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FAA Expands Instant-Approval Flight Plan Program for Drones



Connecting state and local government leaders

Once deployed, the system would authorize drone flights in minutes instead of months.

Drone pilots will soon be able to get instant permission from the government to fly in the controlled airspace around some 500 nationwide airports.

The Federal Aviation Administration announced Tuesday it will expand testing of a prototype system for automatically processing requests from drone operators to fly near airports. The agency will roll out the Low Altitude Authorization and Notification Capabilityat about 300 air traffic facilities by mid-September, said FAA Administrator Dan Elwell at the annual UAS Symposium.

Under current FAA regulations, drone pilots only can fly at altitudes below 400 feet, and their vehicles must remain in line of sight. They’re prohibited from flying over people, which rules out most urban areas, and from flying within five miles of an airport without notifying air traffic control.

That five-mile berth becomes fairly restrictive given the density of airports in certain parts of the country, and the FAA’s current system for authorizing flight plans can take up to 90 days. Once deployed, LAANC would drastically reduce the waiting time.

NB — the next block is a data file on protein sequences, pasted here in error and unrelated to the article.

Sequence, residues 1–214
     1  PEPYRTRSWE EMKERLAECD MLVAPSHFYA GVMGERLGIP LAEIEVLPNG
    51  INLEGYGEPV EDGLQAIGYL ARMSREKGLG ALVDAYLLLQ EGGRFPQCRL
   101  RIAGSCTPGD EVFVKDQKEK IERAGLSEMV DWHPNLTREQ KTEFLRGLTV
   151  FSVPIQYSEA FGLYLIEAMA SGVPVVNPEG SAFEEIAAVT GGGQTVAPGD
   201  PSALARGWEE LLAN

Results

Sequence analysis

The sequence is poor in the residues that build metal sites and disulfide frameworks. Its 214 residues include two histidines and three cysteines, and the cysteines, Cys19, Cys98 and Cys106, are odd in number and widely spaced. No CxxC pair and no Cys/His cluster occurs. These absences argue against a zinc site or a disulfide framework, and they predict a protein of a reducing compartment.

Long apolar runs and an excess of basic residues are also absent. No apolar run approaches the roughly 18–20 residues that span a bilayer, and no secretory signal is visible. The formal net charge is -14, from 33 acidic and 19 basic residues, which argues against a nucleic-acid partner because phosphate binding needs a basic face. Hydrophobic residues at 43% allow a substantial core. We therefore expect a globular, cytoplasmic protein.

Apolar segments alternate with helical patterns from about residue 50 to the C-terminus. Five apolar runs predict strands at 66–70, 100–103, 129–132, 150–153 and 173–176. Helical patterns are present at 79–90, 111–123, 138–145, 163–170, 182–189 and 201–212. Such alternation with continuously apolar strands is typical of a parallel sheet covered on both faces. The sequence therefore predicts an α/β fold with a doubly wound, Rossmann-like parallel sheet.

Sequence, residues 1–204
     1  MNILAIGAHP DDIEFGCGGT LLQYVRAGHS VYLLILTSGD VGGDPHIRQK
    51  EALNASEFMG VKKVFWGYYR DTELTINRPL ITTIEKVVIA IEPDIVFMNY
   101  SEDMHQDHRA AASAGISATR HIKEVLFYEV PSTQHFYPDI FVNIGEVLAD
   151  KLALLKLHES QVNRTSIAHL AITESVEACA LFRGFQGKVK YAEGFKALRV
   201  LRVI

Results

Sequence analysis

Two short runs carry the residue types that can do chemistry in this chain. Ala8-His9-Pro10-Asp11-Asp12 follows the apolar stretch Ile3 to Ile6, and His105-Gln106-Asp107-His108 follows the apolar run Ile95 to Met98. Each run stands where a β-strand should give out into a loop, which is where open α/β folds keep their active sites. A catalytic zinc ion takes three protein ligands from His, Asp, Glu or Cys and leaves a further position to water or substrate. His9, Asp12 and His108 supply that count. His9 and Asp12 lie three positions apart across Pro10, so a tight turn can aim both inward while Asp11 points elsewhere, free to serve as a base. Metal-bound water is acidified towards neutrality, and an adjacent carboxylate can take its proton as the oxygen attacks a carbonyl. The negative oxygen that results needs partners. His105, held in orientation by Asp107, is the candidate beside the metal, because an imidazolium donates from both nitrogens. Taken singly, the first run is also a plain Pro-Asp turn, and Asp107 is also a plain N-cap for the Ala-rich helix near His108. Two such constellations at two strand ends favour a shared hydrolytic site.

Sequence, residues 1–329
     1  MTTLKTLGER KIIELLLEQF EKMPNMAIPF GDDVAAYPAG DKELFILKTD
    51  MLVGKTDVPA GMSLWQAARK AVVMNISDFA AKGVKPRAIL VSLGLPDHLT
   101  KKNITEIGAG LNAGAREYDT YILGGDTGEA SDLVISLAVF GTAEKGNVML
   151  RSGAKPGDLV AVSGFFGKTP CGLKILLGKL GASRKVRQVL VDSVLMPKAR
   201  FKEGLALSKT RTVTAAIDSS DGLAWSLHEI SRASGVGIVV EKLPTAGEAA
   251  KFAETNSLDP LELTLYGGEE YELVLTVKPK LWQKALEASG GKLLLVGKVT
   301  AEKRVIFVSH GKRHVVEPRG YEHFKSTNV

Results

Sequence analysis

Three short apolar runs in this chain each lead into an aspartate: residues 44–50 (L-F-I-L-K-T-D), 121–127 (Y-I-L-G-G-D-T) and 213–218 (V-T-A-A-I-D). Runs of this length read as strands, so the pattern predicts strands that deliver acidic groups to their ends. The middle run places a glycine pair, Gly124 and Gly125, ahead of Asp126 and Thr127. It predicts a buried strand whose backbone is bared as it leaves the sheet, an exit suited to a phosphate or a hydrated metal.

Using the system, drone pilots can apply for waivers through a mobile app and get them approved almost immediately. The system also provides pilots with maps detailing flight restrictions in certain areas and gives air traffic controllers a real-time view where drones are operating.

FAA plans to kick off the nationwide beta test on April 30 and complete the rollout by Sept. 30. The agency has already struck deals with four companies—AirMap, Google’s Project Wing, Rockwell Collins and Skyward—to provide LAANC services, but groups can apply to join the program until a May 16.

The program marks “an important step” in developing the Unmanned Aircraft System Traffic Management system, a joint effort by FAA, NASA and other agencies to build a network to oversee low-altitude drone operations.

Jack Corrigan writes for Nextgov, where this article was originally published.

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